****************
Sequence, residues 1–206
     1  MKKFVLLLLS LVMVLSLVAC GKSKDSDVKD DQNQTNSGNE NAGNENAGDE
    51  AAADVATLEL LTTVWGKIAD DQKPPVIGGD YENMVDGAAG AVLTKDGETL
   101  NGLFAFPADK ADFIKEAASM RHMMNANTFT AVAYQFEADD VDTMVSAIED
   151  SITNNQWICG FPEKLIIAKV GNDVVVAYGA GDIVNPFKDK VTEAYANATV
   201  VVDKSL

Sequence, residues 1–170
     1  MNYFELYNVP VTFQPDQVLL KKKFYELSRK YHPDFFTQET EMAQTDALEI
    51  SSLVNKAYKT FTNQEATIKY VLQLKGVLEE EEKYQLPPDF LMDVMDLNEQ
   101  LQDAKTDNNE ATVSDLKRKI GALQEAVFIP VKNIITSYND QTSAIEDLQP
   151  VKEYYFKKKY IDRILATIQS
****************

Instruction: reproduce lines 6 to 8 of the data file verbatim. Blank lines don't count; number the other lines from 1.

   201  VVDKSL

Sequence, residues 1–170
     1  MNYFELYNVP VTFQPDQVLL KKKFYELSRK YHPDFFTQET EMAQTDALEI